UBI is meaning enough

At some point, we are going to need a universal basic income (UBI). Human biology moves slower than silicon tinkering, so it's only a matter of time until we fall behind—machines will outperform us on every front not just physically but socially, intellectually, creatively.

When that day comes, the choice is between a hyperinequalistan whose small class of uberweathy grows ever richer off the dividends of ancestral wealth (while the bulk of the population starves on the offal), and a UBItopia that offers everyone a minimum of decency.1 2

Because there are no real alternatives in a world of human redundancy and because the first option seems so bleak, many of the technocrats I follow take a future UBI for granted. Only psychopaths and Ben Shapiroically pure conservative idealogues can reject the UBI outright.

Thus, much of the discussion around UBIs begins with the premise that it has already been adopted. Technologists prefer to deal with questions like: What effect would a UBI have on human creativity and artistry? What will society look like with most of the population unemployed? And perhaps the favorite: how will people find meaning post-work?

Here's how Elon Musk puts it:

[The] much harder challenge is: How will people then have meaning? A lot of people derive meaning from their employment. If you’re not needed, what is the meaning? Do you feel useless? That is a much harder problem to deal with. How do we ensure the future is a future that we want, that we still like? [1]

What Musk and other technologists forget is that most people derive meaning from their relationships, not their employment. The majority of people are—to put it mildly—ambivalent about their jobs. They would be perfectly happy to stop working and never look back. For this population, jobs are a source of meaning in so far as they are a place to develop relationships with others, and most jobs aren't particularly well-suited to doing even this.

Work that is deeply fulfilling and intrinsically meaningful is the exception; it is a privilege and luxury reserved to a tiny fraction of the population (usually already wealthy technocrats and creatives). What Musk was really asking is: "How will I have meaning? I derive a lot of meaning from being the spaceships-EVs-solar-panels-and-tunnel-boring-machines dude. If I'm not needed, what is my purpose?" And that might be a hard problem for you, Elon, but it's not the main concern for the rest of us.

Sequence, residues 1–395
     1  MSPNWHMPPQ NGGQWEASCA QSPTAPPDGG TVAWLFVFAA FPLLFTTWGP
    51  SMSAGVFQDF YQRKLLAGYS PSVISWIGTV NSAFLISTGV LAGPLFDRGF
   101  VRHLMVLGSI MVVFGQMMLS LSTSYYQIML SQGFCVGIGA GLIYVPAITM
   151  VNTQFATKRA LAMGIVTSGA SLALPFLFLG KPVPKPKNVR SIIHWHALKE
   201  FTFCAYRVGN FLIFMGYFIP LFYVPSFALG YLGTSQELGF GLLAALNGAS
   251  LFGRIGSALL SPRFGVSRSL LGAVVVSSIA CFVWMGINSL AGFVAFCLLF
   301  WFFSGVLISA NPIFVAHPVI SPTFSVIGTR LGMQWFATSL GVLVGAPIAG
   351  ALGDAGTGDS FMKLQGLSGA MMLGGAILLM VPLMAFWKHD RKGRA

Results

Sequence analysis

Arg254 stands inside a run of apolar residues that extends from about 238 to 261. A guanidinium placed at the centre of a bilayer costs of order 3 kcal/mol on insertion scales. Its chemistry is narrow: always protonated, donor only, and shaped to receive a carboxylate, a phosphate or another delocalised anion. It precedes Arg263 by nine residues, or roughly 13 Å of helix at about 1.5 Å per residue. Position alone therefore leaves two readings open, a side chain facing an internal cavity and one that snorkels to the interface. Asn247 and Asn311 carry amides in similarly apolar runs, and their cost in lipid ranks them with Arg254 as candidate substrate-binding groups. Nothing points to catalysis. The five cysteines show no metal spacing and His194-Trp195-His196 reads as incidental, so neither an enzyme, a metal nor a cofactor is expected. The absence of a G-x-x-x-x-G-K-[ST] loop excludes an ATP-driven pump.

Fortunately, we already have a time-tested solution for creating meaningful relationships—it's called community. And you build one through shared events like sports, barbecues, volunteering, schools, the occasional acid trip, etc. It really doesn't take much imagination: go share a cup of tea with your neighbor and stroll around the block.

It's not a coincidence that the happiest countries are those that work the least (think of Southern & Northwestern Europe) [2]. That the Netherlands with the highest part-time female workforce participation in Europe [3] also happens to have the happiest kids in the world [4]. That the world's monied classes have historically prided themselves on not working (our own culture's cult of work is an abberation).

When we talk about creating meaning after employment we're distracting ourselves at best and fostering complacency at worst. Meaning after employment isn't the problem. Meaning right now is the problem. The real "harder challenge" is to strengthen local communities and institutions long before the last humans become redundant.

This is not just a hard but urgent problem when our communities are falling apart from suicide, addiction, overdose, and chronic disease [5]. But it doesn't have to be a particulary difficult problem to solve when the most effective solution has already been identified: the UBI.

Economic security is the primary precondition to creating any kind of meaning anywhere. That's because, as Orwell puts it, poverty "annihilates the future." You can't even begin to create meaning and deep relationships when your mind is flooded with the worries of paying bills, getting enough to eat, finding your next fix, etc. As he puts it yet more poignantly: "Poverty is spiritual halitosis." Solve the underlying economic uncertainty first, and much of the spiritual growth will follow by itself.3

Let's get back to the challenge of implementing a UBI and fostering meaning right now. That's hard enough as is.


  1. Counterarguments to a UBI that invoke the slippery slope ("Who defines what is minimum? The UBI will have to grow larger and larger to satisfy us.") totally miss the point. What other purpose could we have as society besides making the general population steadily more prosperous?

  2. Persistent exponential growth (as in economics) tends to collapse highly complex multi-dimensional problems onto single axes. This is why gases of billions of particles are characterized wholly by three variables: pressure, volume, and temperature. And this is why on a centuries-long timescale the societal choice simplifies to a choice between unbounded inequality and redistribution.

  3. The conservative talking point of government handouts fostering complacency and spiritual degradation is completely backwards. These pundits need to read more Orwell.